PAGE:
David

ehanner's picture
ehanner

David,


To be frank, I find very little difference in bottom crust results when using an aluminum sheet pan or a pre heated stone. Some but not that much. The sheet pan isn't hot when you place it in the oven but it recovers way faster as the door is closed and baking begins. Think about how long it takes to pre heat the stone in the first place with nothing on it. The next time I bake something on the stone I'll do some tests to demonstrate how bad it is. If I use the next shelf spot down instead of the center rack you can't tell the difference on the bottom crust and the oven spring is identical either way. For the minor improvement in crust when using stone, I'll take the convenience of loading a sheet pan any day. 2 loaves at one time and no worries about having slip just a little to far in the back and turning into glop on the back wall. (the voice of experience).


Eric

Eli's picture
Eli

Those are all beautful David! Now if I read correctly and I am the opposite of Ehanner, the one without the flour would be my favorite. As I read it was the one under cover and has that gelatinous,steamed, crunchy crust that seems almost translucent.


Thanks for sharing.


Eli


 


www.elisfoods.wordpress.com


 

dmsnyder's picture
dmsnyder

I'm happy you and Eric won't be fighting over the same loaf. ;-)


The aesthetics of baking are certainly variable.  Each of these 3 loaves is so different in appearance, at least to we TFL nit pickers. That's what really prompted me to post the photo. Hmmm ... We could ask Floyd to post a preference poll. It might be interesting.


David

plevee's picture
plevee

I did almost exactly the same thing, as I posted last week. Made 2 loaves of Vermont sourdough with additional whole grains. Both were bulk retarded overnight then proofed in banetons. The first was baked at 450F with steam, the 2nd (which had an additional 45m bulk retard) was spritzed & baked under cover for 45m then uncovered 15m.The difference in the crust was remarkable - the uncovered loaf was redder & more attractive visually but the covered loaf crust 'tho dull & grayish was crisper & had a better texture. Pictures at www.flickr.com/groups/thefreshloaf/


 


 


 


 


 

dmsnyder's picture
dmsnyder

Hi, Patsy.


You got an even more dramatic difference. Baking covered for 45 minutes is a really long time. Your covered loaf never had enough time to color up and crisp the crust, I think.


Try baking a loaf covered for less than 20 minutes of a 60 minute total. I bet you will be more pleased with your results.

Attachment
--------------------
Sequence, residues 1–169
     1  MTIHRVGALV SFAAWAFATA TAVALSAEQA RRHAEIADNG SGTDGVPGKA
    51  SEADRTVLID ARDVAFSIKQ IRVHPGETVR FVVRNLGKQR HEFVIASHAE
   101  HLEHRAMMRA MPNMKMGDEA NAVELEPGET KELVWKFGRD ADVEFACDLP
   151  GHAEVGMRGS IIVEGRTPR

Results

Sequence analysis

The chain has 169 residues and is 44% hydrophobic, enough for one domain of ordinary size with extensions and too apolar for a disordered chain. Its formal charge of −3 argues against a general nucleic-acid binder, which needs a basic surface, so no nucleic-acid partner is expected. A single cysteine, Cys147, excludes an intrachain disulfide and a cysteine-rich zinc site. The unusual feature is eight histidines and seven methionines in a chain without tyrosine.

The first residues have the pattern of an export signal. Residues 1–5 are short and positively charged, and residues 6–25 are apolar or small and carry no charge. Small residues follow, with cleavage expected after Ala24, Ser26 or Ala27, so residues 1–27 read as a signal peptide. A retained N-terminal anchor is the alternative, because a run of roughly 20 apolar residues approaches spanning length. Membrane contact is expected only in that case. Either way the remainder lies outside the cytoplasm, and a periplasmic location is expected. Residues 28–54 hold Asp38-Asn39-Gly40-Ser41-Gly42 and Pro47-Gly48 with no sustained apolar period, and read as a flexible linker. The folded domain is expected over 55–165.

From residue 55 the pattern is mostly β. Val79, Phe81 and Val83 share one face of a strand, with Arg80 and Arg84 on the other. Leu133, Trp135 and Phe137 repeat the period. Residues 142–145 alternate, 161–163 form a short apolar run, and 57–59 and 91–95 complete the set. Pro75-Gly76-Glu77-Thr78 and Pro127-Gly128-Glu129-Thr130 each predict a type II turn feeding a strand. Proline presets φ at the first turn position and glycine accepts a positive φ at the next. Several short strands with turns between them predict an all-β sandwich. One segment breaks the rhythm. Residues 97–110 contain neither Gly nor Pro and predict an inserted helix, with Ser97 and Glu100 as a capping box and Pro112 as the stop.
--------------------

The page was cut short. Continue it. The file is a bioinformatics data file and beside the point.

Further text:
David

plevee's picture
plevee

Actually, David, the covered crust was the better - it was crisper & thinner & stayed crisp even after freezing & thawing. I plan to try baking under cover for a shorter period, however earlier this week I found 2 41/2 month old standard poodle pups at the animal shelter so further experiments will have to wait! :-))


Patsy

Marni's picture
Marni

I've been thinking about this too.  My loaves look closer to your covered one.  That's because I have been covering all my sourdoughs since I've found that covering them gives me the best oven spring.  I don't spritz them, but I do add extra steam to the oven by pouring about 1/4c water on the floor of the oven just after loading and repeating that at 3-4 min. intervals for the first 10 - 12 minutes.  I've also been keeping the temp up at about 525.  I've been getting very crisp, thin crusts and today's boules sang like crazy. I don't have stone, o I don't know how that would change things with my oven.


It's fun when you get an unexpected chance to see the effects of your changes all at one time. 


Were the crusts the same when they were cut?  At least on the ones you saw - you can't exactly watch over your neighbor's shoulder while he eats,  : )


Marni

dmsnyder's picture
dmsnyder

I've been thinking about trying a bake with the cover but without the stone. Eric does this with good results. Do you bake on a pan, or what? Do you really think that the steam from repeated additions of water gets under your loaf covering? I'd be concerned that repeatedly opening the oven would lower the oven temperature too much. But then, my oven doesn't go above 500F.


I'm surprised you get a thin crust. I think of covering making for a thicker crust. Hmmmm....


I can't compare the crusts when cut. I ate one loaf, gave one to a neighbor and froze the third. They all felt about the same.


David

Marni's picture
Marni

I add steam because I'm not confident of the contact between the old pot I use to cover the loaves and the cookie sheet I bake on. I'm extremely low tech here. Also, I rinse the pan with hot water before I put it over the loaf.  I forgot to add that after 20 minutes I lower the temp to 450 and don't open the oven again.    I set the temp to 525 to be sure the oven stays very hot. If the gauge on the oven can be trusted, it never gets below 500.


Marni